|The freezer stocked and hopefully well insulated.|
I fully expected the worst and while we had planned a dog show last weekend I stocked up on supplies earlier in the week. With lots of frozen dog food in the old chest freezer, I was concerned about protecting the dog food in the event that we lost power for hours or days. A full freezer is more efficient than an empty freezer and will stay colder longer than a partially full or nearly empty freezer. An old 'florida' trick is to fill plastic bags with water and let them essentially form-freeze into any open spaces. Given my luck with ziplock bags (never once filled a ziplock bag with ice and come home to a dry cooler - all ziplock bags leak) I opted for three different sizes of water bottles - 8oz, 20oz and 1.5 liter. I was able to fill nearly every empty space in the freezer. Note that it takes water a lot longer than you'd think it would to freeze in a chest freezer - especially if you're freezing multiple bottles - a 1.5 liter bottle (Poland Spring) takes over two days to freeze solid in a chest freezer - smaller bottles obviously take less and the shape matters too. So time is of the essence. On Thursday morning, I removed everything I'd need between then and Sunday afternoon and moved those items into my house freezer - that gave my chest freezer 36 hours to freeze everything.
We skipped the full bathtub step of preparation because the last thing three water dogs need is there very-own indoor pool. We're on public water so we don't have a pump and in a pinch we could always flush using buckets of pool water. All of our agility equipment, pool toys, dog toys, etc all got tucked away in the garage in preparation for the storm. By and large though (and in hindsight) we luckily didn't need to use any of our plans (A, B, C or D).
Now for the bad news: here's the hydro-dam near my house. There's a lot of population downstream who are going to be affected by this water. Both along the Winooski river and when it drains into Lake Champlain and the St Lawrence River.
Lots of places in Vermont weren't so lucky as we were. For a huge portion of Vermont it's just as bad as you've seen on the news and possibly much worse now that the water is receding a little and the true extent of the damage is apparent. The bottom-line is that some classically beautiful New England places are utterly devastated. Quechee and Woodstock Vermont - meccas for fall tourists are largely impassable. Covered bridges that for many people represent quintessential New England and Vermont are completely gone or destroyed beyond repair. In the "Grand Canyon of the East" the Quechee Gorge there are some 200 propane tanks leaking gas and bobbing around in the turbulant water....it's only a matter of time before there's an explosion.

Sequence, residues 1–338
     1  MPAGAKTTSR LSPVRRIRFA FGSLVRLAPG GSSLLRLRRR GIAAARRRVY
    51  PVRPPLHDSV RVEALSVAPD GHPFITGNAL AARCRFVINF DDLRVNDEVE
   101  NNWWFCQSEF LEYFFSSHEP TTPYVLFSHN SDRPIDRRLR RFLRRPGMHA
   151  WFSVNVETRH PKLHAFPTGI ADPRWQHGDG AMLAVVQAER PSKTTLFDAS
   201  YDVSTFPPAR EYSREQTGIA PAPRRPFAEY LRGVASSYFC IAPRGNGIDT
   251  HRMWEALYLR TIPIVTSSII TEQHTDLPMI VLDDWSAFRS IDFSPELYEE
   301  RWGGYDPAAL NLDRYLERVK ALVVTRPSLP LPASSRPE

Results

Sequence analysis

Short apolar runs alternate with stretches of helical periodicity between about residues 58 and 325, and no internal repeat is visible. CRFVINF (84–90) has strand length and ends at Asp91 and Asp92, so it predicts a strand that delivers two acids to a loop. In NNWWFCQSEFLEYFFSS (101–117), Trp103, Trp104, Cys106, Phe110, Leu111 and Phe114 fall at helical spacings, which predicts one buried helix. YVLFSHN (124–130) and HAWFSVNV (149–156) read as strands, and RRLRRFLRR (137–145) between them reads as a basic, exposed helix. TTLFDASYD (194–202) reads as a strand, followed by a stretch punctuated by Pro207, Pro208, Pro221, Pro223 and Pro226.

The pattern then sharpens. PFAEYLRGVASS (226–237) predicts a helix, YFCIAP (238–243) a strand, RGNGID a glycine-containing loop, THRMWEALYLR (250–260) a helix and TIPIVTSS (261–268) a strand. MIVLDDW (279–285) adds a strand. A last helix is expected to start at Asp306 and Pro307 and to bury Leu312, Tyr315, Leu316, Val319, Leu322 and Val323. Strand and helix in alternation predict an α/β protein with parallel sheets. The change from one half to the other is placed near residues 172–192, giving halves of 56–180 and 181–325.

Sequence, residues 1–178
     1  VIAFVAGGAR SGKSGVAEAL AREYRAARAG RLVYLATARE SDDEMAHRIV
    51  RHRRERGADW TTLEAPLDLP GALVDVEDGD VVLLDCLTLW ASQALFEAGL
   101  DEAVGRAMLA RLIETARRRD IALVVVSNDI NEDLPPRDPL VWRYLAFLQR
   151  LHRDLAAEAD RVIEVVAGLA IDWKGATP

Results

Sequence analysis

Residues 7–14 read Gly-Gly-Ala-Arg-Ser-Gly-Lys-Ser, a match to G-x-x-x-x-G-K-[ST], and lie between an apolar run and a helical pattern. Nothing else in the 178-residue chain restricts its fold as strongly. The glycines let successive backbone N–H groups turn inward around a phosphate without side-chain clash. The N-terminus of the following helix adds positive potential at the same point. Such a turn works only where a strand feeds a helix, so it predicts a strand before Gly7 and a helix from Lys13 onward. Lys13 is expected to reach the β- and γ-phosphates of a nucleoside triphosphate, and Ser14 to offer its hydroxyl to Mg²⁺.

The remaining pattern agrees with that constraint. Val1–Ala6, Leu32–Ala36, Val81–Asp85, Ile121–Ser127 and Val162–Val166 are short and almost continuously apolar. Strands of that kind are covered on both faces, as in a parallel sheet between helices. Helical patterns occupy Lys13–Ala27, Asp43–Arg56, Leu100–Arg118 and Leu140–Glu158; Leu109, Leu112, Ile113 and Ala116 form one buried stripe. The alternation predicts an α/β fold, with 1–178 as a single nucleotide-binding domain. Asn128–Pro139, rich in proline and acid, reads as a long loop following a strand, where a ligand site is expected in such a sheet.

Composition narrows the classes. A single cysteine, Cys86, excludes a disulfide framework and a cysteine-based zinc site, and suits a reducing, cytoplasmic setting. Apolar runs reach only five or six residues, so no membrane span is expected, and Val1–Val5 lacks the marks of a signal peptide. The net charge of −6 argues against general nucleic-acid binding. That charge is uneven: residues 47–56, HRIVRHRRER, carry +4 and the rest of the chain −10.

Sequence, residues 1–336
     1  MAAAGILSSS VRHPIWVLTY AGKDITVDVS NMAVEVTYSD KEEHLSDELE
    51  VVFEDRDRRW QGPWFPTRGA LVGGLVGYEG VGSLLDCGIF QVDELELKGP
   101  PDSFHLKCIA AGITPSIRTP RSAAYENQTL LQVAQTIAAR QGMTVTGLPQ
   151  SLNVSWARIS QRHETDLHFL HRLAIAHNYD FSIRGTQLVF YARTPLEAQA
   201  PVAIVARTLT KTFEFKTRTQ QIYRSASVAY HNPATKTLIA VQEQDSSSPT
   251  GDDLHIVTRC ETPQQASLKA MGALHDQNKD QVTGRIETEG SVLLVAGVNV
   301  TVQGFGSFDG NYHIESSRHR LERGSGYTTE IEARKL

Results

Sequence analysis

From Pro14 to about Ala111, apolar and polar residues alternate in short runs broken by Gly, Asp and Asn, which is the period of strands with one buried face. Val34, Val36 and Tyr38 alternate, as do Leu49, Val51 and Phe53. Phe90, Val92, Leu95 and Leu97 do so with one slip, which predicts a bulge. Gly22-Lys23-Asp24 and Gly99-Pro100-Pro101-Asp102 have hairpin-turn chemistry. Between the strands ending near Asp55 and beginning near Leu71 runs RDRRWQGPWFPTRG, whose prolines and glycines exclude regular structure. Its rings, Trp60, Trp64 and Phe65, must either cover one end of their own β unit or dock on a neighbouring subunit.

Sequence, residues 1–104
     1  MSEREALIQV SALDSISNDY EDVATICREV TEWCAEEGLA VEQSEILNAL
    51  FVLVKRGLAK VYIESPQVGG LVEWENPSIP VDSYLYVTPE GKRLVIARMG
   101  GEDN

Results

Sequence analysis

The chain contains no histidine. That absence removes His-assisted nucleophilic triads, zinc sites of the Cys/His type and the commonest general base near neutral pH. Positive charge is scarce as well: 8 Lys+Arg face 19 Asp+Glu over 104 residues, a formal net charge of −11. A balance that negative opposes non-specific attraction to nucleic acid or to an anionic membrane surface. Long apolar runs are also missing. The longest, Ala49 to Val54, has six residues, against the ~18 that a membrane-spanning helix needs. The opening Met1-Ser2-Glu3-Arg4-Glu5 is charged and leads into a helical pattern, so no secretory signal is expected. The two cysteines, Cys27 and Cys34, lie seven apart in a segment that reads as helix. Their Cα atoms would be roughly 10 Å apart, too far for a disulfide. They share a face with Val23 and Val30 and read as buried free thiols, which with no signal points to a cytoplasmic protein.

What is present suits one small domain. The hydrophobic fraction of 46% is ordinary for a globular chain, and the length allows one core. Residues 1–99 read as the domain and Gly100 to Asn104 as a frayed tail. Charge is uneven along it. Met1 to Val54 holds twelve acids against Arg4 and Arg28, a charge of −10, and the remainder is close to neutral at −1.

|The dam in drier days (Google Maps)|
Route 4 which runs East/West from White River Junction, VT to Fairhaven, VT is in large part gone. On the evening news tonight there are still 12 towns and communities that are completely cut-off from the outside world - no roads in, no roads out. Some are accessible by hiking or ATV - but still isolated. Killington Ski area is devastated, their baselodge has collapsed and the ski area is not accessible by road, Killington's sister resort Pico is similarly unreachable. Hundreds of vacation homes inaccessable - the extent of their damage probably won't be known for weeks when roads are repaired enough to get in there to make evaulations. Ludlow, VT at the base of Mt Ascutney has been all but destroyed. Brattleboro, VT had several feet of rushing flood water from the Connecticut river running through the downtown business district.
Closer to me Richmond's bridge street was underwater. Several commuters had to be rescued - by boat - from the Richmond park and ride - just feet from I-89 in Richmond. State offices in Waterbury had several feet of water inside the agency of natural resources - the flooding is everywhere. State offices in our state capital of Montpelier are still underwater and offices are still closed.
There are many many many more communities affected in Vermont, New Hampshire and New York of course - Irene's wrath was indiscriminate - it's safe to say that recovery is going to take a long time - and a lot of people may never recover. We can handle blizzards and bitter cold up here in the sub arctic - water is punishing and unrelenting.
Flooding on rt4:
We're so lucky and so thankful here - and thinking of our fellow Vermonters who weren't so lucky.